The compound, called BOL-148, was developed and tested in people in the 1950s and ’60s for a very different purpose.

    “People were interested in hallucinogens. It was developed as a placebo for LSD,’’ Halpern said. “Nobody was looking at [the drug] as a treatment for cluster headaches.’’

    Earlier this year, Halpern and coauthors from Hannover Medical School in Germany published a study in Cephalalgia, the journal of the International Headache Society, in which they gave BOL-148 to five people with cluster headaches who had not responded to other treatments.

    The researchers gave the patients three doses of BOL-148 over the course of a week and a half and saw dramatic improvements overall. The patients were followed for 16 weeks, and the side effects were mild, including lightheadedness. There are clear limitations to the study — it was an extremely small sample size, the patients and the doctors knew that they were all receiving the drug, and there was no comparison group of patients given a dummy pill.

    But Entheogen is now trying to raise $10 million to do further testing, with the intent to gather sufficient evidence that the drug could be approved. The company’s work was first reported in Mass High Tech.

    “It’s a tremendous thing,’’ said Rick Doblin, executive director of the Multidisciplinary Association for Psychedelic Studies, a Belmont-based non profit that funds psychedelic and marijuana medical research. “It’s out of the psychedelic community, and it’s a story about the age of the Internet, where patient groups are able to work together and figure stuff out — things the doctors can’t even figure out.’’

    After hearing the 34-year-old man’s tale, Halpern and colleagues used online headache support groups to find people with cluster headaches who reported using LSD or hallucinogenic mushrooms to treat their attacks.

    In a study published in the journal Neurology in 2006, the researchers reported the results of interviewing 53 people. More than half of them had never used hallucinogens except to treat cluster headaches. Nearly two dozen of them said they got relief at doses so low they did not cause hallucination.

    Halpern has studied peyote use in Native American rituals and has a longstanding research interest in the possible medical effects of psychedelic drugs.

    The current story elegantly demonstrates, he says, how such research holds potential for helping patients who suffer from one of the most painful conditions known to medicine. He said one benefit of the compound he hopes to test more broadly is that the drug can be given in much higher doses than LSD.

    “People will pull their hair out to distract them from the pain of the attack; they’ll bang their heads on the wall,’’ Halpern said. “If this type of data continues, then this may offer a paradigm shift in the treatment of cluster headaches.’’

    By Carolyn Y. Johnson
    Globe Staff / November 6, 2010

  5. Terrapinzflyer
    LSD Pill In Development For Debilitating Headaches

    Early Research Shows It Stops Excruciating Cluster Headaches

    BOSTON -- It's psychedelic, hallucinogenic and, of course, illegal.
    The drug LSD comes with a lot of baggage. But now, researchers at McLean Hospital and Harvard are working on an LSD pill they believe will help those suffering from a type of headache so painful, it's been called the "suicide headache."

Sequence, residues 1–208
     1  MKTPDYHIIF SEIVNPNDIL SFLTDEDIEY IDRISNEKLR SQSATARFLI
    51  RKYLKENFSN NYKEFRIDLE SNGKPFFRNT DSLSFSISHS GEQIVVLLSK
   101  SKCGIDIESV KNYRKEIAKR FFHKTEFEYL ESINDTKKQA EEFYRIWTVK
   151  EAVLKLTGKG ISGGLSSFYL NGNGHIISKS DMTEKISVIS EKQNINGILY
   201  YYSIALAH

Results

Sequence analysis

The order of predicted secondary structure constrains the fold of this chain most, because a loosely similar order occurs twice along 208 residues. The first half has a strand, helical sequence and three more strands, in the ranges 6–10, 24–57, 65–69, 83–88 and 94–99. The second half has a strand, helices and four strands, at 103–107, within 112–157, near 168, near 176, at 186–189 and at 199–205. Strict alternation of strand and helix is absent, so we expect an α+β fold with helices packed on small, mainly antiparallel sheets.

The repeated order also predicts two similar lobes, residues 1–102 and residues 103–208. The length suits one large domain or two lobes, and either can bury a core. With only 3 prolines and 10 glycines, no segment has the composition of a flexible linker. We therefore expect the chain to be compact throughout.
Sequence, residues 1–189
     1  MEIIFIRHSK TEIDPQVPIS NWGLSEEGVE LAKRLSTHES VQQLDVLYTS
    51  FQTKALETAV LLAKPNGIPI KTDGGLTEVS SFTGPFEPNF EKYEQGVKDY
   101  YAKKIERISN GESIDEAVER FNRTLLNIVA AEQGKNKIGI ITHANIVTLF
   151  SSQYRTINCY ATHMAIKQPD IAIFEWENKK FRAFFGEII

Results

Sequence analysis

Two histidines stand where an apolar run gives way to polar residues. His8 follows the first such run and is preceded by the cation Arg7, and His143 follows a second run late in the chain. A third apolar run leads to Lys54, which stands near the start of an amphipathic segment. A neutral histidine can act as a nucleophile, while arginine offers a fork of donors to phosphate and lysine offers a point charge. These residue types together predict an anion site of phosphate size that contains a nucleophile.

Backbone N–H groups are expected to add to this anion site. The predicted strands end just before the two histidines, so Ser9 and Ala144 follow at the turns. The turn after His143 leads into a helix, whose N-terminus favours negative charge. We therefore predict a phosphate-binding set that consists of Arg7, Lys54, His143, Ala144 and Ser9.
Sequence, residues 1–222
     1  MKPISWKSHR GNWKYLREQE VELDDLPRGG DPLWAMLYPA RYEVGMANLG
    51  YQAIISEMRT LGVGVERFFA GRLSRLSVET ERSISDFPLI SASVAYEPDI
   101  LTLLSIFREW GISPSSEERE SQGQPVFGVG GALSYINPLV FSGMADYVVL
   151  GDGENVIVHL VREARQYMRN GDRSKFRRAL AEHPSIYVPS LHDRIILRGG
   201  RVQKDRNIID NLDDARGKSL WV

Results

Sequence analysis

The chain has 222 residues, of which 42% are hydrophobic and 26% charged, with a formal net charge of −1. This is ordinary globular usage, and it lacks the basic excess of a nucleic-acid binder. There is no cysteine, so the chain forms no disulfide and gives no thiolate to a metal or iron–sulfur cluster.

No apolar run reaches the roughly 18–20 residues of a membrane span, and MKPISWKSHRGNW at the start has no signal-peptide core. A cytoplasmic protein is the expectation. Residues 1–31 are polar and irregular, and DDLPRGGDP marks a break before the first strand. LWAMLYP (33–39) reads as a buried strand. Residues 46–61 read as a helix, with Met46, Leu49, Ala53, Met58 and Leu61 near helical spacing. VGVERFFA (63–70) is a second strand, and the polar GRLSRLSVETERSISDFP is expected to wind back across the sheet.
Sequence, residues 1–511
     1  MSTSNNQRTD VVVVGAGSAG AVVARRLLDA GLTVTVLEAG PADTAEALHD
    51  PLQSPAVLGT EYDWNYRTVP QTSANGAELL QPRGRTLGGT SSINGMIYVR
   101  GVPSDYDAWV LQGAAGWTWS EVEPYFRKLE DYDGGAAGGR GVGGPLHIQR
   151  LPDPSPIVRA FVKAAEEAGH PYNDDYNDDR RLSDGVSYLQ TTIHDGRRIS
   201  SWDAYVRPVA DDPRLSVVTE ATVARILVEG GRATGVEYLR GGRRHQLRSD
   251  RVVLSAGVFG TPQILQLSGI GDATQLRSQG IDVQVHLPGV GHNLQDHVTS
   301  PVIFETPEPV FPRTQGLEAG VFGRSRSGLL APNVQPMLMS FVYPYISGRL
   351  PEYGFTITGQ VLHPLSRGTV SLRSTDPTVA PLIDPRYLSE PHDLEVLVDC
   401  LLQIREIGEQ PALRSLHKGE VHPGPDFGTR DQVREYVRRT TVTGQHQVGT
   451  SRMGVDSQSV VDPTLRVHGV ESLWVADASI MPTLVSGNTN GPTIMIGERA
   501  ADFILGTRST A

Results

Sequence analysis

It's described as the most excruciating pain one can imagine. Cluster headache sufferers can get them multiple times a day, sometimes for weeks or months at a time.
    Sean Clancy has had cluster headaches most of his life.

    "It feels like someone has your eyeball in a vice and they're just turning it slowly and slowly to the point where you just can't take any more pain," said Clancy.
    Most prescription medications don't work or have dangerous side affects. So to stop the pain, some sufferers have resorted to a highly restrictive, illegal substance: psilocybin. It's more commonly known as "magic mushrooms," an LSD-related hallucinogenic.
    "They would take LSD or psilocybin across 10, 15 days, a few times, and the whole cycle would end early and the remission time between cycles would extend," said Dr. John Halpern of McLean Hospital.

    Back in the '50s and '60s the use of psychedelics for therapeutic study wasn't unusual. But it became taboo after academics like Timothy Leary used LSD on students. He was fired from Harvard for that.

    But fast-forward to today, and that same institution is backing the development of an LSD pill for cluster headaches. It's called B0L-148 -- LSD without the ingredient that makes you hallucinate.

    "It's replacing one hydrogen atom with a bromide that is so large, the LSD can't fit into the receptor that is involved with causing hallucinogenic affects," said Halpern, lead developer of the drug. "The doctor in me is saying 'Wow, wow, wow, This is just amazing.'"
    The pill's been tested on patients in Europe with promising results.

    "One of our subjects had a 27-year history of cluster headaches. A 2- to 3- milligram dose orally of two Bromo LSD on day zero, five, and 10, just three pills, and he went over a year without a single attack. It totally changed his life," said Halpern.

    "Anything with the 'LSD' term is stigmatized," said Dr. Brian McGeeney, assistant professor of neurology at Boston University's school of medicine. "What we don't want to have happen now is that if we have a product that's non-hallucinogenic, we don't want that attribution to stigmatize its study and research for what might be a good indication for treating cluster headaches."

    McGeenney said one of his patients described cluster headaches as feeling like someone is burning half your face off. Clancy agrees. He says he'd welcome any new drug that could keep his nightmare attacks at bay. He hasn't had a cluster headache for four months now and says he's due and dreading its return.

    "You'll jump up like the bed's on fire. But it's not. Your head's exploding," said Clancy.
    BOL-148 is a long way off from FDA approval. Halpern has started his own company to further develop the drug. He and his associates abroad hope to start larger scale clinical trials soon.

    February 9, 2012